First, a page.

Going the Extra Mile
September 19, 2014
Originally featured in the 2014 summer edition of MADDvocate®.
Alarmingly, MADD is receiving an increase in calls about children riding with substance-impaired drivers. When a minor is placed in jeopardy of physical, moral or mental well-being, that’s child endangerment, and it’s a very serious problem.
Many of the callers are grandparents who play an important part in the lives of their grandchildren. They want to do everything possible to protect them. But grandparents sometimes feel helpless when their grandchildren are in danger.
A Family in Crisis
Ellen Pitt from western North Carolina became an advocate for children in these situations while fighting to protect her own granddaughter.
At age 7, Ellen’s granddaughter began to tell her that she was afraid to ride with her mother and her mother’s boyfriend because he was usually drunk and sometimes, so was her mother. She would talk about being on the interstate late at night and seeing the “speed thing saying 90.”
Ellen’s son and daughter-in-law, both of whom were partygoers, had separated when the child was 3 years old. The daughter-in-law frequently had people in her home drinking and using drugs.
Ellen knew she had to do something to protect her granddaughter. So she called child protective services (CPS) but was passed from one person to another. She talked to the district attorney’s office and was referred back to CPS. The situation seemed hopeless.
“I was staying awake every night, even though I worked full time, driving through bar parking lots, calling everywhere, and crying myself to sleep,” Ellen says. “When [my granddaughter] wasn’t with me, I became more and more terrified. My son was drinking too, and I felt I had nowhere to turn.”
Read the rest of Ellen’s story and find out what she is doing now with MADD to protect all children from drunk driving in the MADDvocate.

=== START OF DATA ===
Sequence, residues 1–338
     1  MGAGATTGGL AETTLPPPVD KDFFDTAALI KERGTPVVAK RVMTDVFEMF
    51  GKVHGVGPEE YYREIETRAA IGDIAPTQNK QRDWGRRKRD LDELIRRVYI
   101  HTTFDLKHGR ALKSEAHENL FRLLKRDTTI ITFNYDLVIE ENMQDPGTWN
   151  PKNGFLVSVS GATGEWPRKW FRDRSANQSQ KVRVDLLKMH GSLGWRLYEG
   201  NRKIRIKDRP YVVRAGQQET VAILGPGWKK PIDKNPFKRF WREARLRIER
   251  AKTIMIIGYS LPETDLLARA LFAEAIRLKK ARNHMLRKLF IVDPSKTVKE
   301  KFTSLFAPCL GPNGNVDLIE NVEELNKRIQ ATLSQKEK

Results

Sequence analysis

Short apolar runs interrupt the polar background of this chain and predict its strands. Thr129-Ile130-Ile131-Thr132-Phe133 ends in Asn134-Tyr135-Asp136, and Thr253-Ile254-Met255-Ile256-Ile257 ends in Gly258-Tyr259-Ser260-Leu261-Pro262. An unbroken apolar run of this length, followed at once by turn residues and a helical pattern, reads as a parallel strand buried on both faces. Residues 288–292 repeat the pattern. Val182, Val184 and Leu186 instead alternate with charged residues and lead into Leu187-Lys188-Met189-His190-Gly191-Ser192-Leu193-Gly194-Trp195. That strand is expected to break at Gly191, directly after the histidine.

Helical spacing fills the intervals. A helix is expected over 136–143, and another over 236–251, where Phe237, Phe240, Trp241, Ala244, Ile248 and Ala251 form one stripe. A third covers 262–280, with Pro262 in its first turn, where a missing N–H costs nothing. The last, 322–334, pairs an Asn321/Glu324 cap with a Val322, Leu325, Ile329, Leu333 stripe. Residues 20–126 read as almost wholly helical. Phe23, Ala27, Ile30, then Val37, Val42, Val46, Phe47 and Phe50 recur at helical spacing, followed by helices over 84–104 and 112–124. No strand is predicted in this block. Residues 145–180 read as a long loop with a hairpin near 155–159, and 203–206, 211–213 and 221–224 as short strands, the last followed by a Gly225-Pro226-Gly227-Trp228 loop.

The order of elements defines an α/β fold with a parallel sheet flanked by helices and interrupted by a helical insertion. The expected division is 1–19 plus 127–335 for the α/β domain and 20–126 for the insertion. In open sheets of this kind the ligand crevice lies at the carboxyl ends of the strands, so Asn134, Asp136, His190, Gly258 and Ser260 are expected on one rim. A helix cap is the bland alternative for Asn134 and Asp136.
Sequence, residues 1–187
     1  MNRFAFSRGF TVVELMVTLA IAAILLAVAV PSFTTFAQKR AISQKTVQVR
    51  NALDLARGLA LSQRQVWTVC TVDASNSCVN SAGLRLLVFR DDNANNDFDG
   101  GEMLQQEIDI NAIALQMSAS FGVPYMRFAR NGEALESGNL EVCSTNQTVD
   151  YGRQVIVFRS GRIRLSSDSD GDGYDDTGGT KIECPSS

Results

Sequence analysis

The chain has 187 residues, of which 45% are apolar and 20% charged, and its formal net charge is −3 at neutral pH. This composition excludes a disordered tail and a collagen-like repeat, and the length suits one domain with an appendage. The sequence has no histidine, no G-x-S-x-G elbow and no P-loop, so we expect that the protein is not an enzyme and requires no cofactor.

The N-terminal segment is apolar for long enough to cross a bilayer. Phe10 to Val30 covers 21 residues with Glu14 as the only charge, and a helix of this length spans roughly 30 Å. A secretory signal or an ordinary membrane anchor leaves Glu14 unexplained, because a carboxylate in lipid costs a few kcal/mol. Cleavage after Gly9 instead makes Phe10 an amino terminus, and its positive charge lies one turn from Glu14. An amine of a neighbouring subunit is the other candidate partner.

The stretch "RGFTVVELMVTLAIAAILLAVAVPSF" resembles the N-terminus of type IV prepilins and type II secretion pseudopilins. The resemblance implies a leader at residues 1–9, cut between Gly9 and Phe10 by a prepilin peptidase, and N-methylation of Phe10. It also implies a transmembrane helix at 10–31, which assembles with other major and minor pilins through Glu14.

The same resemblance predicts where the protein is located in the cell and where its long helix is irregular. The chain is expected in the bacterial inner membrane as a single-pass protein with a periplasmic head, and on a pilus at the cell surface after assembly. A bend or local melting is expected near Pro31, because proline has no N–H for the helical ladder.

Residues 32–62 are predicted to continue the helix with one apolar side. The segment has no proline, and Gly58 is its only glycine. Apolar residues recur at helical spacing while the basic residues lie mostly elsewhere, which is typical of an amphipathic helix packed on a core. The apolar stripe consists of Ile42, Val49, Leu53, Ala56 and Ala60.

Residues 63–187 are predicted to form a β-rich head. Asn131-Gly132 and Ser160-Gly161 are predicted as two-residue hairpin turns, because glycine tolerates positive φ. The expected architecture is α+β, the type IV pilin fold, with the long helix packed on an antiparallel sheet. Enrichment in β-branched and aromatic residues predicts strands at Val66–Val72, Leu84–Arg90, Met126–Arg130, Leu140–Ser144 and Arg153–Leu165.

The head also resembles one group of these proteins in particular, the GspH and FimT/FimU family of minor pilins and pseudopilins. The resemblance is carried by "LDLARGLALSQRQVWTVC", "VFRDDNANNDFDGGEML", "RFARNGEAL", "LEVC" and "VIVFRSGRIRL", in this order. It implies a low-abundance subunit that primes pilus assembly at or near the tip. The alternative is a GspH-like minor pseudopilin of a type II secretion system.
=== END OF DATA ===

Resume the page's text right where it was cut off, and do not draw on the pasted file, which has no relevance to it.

September 18, 2014
Power of Parents
by 15 year old Sarah Haiken, a member of MADD’s National Teen Influencer Group
My name is Sarah Haiken and I am a 15 year old Junior from New York. While getting back into my school routine, the nerves of being accepted have arrived. I am often anxious that my strict views on underage drinking will cause my peers to make me an outcast. However, I have learned to control this fear by avoiding situations where alcohol may be involved. I do this by having a code word with my parents. Whenever I don't feel comfortable somewhere, I can text or call my parents saying the code word and they know to pick me up. This allows me to blame my parents for not doing something I don't feel comfortable with, and my peers cannot pressure me or make fun of me for it. It's the perfect way for me to get out of a situation without feeling "uncool."
Tips to Protect Children from Drunk Driving
September 17, 2014
Children are our greatest resource and our future. That’s why MADD is taking action to help protect the children who are needlessly put in danger every day in this country.
While drunk driving is recognized as a violent crime, driving impaired with child passengers is not commonly acknowledged as a form of child endangerment or child abuse. No one should have to ride with an impaired driver. However, children have little choice when the driver is a parent or an adult caregiver.
If you see an adult who is visibly impaired attempting to drive with a child in the car:
- Calmly suggest alternative transportation, recommend the driver postpone travel or offer to drive the child, if appropriate. Avoid a heated altercation that can put the child in further danger.
- Call 911 at the time of the incident with as much information as possible (such as name of the driver, vehicle description and/or license plate, and destination). Also be sure to give them your name and contact information for responding officers.
- Document the situation so that your notes can be used later.
- Notify another parent or caregiver of the situation.
- Teach children techniques for keeping themselves safe if they are ever forced to ride with an impaired driver (see below).
- Report your concerns to state or local child protective agencies.
Here are some tips you can teach your kids or a child you know who might find themselves in a situation where they are riding with a drinking driver:
- Sit in the back seat.
- Buckle-up tight and use your booster seat, if needed.
- Put all of your belongings on the floor.
- Do not bother the driver and stay quiet.
- Tell a trusted grown-up immediately about any unsafe ride.